6. Colin Cook says:

    Ian, phrases such as ‘………things that private markets either cannot provide or cannot provide so well.’ and
    ‘……even if that means we have to pay dearly for private agencies to do what governments can do at lower cost and more equitably.’

    suggest that you not recognise the pernicious effects of the doctrine of Competitive Neutrality. Policing compliance with this is a core function of the Productivity Commission; their website explains CN thus:
    ‘Competitive neutrality policies aim to promote efficient competition between public and private businesses. Specifically they seek to ensure that Government businesses do not enjoy competitive advantages over their private sector competitors simply by virtue of their public sector ownership.’

    It is the second sentence that shows we have a well-respected authority policing a government policy to ensure that we do indeed ‘pay dearly for private agencies to do what governments can do at lower cost and more equitably.’

  7. Malcolm Crout says:

    No I’m sorry, but this article is based on a mistaken element of macroeconomics. The simple truth is that taxes do not fund Government or pay for services that Government provides. When the Bretton Woods agreement ending in the seventies, countries developed a true fiat currency, by unpegging their currencies and permitting them to “float” on international markets. The currency was not representative since the gold standard was abandoned, so the currency effectively became paper with no intrinsic value. This allowed Government the fiscal capacity to manage the domestic economy without the impact of currency devaluations which had previously caused credit squeezes and the like. In reality, the only limits for Government fiscal policy is the availability of economic resources and not some theoretical self imposed limit. Of course Governments must spend according to the capacity of the economy to consume, otherwise inflation would be rampant, but that s a management issue. Australia has large idle productive resources in the unemployed just for one example, which could be immediately put into production with positive outcomes in the economy and little risk of inflation.

    The purpose of taxation is a means to create domestic “value” for the currency because taxation liabilities can only be extinguished by payment in Australian currency. The Australian Government has the monopoly on the issue of the Australian dollar, so by exercising it’s sovereign capacity, it is able create funds without the need to accumulate revenue. Taxation in fact, removes currency from the monetary system as it is essentially “destroyed” when collected. There is no place where taxation collected is stored to spend later. That is not how a monetary economy functions, and in simple terms the RBA/Treasury simply credit accounts in banks to inject currency into the economy. There is no need to issue Treasury bonds, but the Government does so for purposes of supposed transparency, although this never stops them anyway, but that’s another discussion for another day.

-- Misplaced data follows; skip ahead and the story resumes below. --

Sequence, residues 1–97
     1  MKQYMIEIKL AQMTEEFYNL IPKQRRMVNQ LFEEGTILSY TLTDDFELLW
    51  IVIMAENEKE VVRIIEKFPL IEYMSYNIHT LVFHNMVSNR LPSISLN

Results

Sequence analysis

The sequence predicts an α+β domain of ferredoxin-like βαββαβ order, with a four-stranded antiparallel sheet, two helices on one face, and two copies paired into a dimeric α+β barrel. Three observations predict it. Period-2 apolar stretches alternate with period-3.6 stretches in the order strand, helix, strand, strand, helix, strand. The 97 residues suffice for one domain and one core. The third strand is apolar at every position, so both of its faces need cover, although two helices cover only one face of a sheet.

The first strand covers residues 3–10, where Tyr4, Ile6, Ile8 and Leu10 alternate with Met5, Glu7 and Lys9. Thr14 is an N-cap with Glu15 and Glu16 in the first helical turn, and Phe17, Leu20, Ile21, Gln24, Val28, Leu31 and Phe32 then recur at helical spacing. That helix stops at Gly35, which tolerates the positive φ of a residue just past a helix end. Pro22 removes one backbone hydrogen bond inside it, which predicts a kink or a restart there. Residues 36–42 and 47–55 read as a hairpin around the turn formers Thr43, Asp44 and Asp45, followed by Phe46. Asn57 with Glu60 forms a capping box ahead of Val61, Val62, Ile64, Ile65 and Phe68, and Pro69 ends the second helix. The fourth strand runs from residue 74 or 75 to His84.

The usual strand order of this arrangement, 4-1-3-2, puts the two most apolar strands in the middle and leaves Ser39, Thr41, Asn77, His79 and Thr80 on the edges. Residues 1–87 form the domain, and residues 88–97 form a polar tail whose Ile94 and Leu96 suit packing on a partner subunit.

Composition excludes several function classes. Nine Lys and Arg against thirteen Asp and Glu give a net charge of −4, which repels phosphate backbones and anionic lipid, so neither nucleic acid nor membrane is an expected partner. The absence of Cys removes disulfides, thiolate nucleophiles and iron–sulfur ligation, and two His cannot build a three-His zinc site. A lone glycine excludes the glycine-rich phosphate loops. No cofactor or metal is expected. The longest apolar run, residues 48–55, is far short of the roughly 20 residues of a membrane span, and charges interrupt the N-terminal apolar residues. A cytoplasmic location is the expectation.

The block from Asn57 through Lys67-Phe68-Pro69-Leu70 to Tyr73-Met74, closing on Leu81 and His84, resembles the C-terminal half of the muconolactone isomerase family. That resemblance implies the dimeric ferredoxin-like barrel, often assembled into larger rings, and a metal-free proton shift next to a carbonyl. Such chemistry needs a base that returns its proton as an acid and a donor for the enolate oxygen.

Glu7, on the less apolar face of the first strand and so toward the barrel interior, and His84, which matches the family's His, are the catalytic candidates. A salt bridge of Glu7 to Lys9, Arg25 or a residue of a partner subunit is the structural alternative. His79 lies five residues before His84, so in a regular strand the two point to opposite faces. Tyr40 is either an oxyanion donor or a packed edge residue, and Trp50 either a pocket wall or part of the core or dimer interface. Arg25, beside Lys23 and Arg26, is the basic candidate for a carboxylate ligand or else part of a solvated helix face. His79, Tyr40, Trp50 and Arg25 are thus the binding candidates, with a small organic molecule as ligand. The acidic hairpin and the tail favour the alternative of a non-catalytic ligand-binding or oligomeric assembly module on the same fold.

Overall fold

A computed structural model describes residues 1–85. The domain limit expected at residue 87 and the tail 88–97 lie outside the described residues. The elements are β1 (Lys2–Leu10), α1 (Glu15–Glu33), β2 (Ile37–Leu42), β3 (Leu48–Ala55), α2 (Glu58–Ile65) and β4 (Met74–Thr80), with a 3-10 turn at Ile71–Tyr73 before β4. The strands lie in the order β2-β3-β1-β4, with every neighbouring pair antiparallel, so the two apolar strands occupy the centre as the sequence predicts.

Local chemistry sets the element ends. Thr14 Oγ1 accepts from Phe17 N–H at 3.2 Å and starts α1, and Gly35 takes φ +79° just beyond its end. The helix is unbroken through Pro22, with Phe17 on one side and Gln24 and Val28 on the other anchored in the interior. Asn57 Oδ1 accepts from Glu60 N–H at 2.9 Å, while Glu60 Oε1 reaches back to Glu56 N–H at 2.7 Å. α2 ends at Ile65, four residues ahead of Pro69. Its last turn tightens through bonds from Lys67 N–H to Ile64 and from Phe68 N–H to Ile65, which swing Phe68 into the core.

So taxation as revenue belongs to a monetary system which was abandoned over thirty years ago. It is not how our modern economy functions, although listening tho the talk from politicians and commentators, it’s easy to believe we still have a representative currency. In essence the Government is not fiscally restricted by the amount of taxation collected. That is an outright lie promulgated by ignorant politicians and old mainstream economists who are rapidly passing on as we speak. Unfortunately, the idea has resonance because the public are told continually that the national budget is like a household budget to be balanced, whereas it is nothing of the sort. Household cannot create dollars, but the Government can and does as much as it needs.

    Some excellent material on this subject can be found at New Economic Perspectives or by googling Prof Bill Mitchell as the UNSW, who is a leader in modern economic theory. I’m sorry to be so blunt, but unless people with knowledge speak out against these economic myths, commentators will continue to perpetuate what are essentially mistruths.

  8. Peter Graves says:

    About time, to re-assess the reasons for paying taxes. I recall that the ATO once had a motto “Taxes – Helping Build a Better Australia”.

    I hope the next article details just exactly what Australians do receive for their taxes. An operating health system, for a start. There are many complaints about the “costs” of visiting a GP, when a gap has to be paid between the standard fee/Medicare rebate and the doctor’s actual fee. None seem to appreciate that the “standard fee” is paid by the Government from our tax revenue.

    Cutting that revenue by cuts in personal and company taxes only results in that gap widening, because the standard fee is not increased.

    And hospitals, schools, nurses’ wages, police, firemen and women ?

    That’s the benefit the community gets from all our taxes. Far, far too often forgotten.

  9. Tim Shaw says:

    Another excellent article by Ian McAuley. I would like to draw out one point that is covered in this article, but I would like to make starker. When Australians are taxed, the government will generally plan on spending 100% of the revenue. It is rare for taxed funds to not be spent, and government departments are not allowed to keep unspent monies, so substantial money not spent tends to be intentionally so. So the argument that taxes pull money out of the economy is pretty crazy. If anything, it is the private sector that is likely to put money aside, if the incentive to not spend exists, so it could be argued that reducing taxes would be more likely to reduce stimulation (depending of course on circumstances).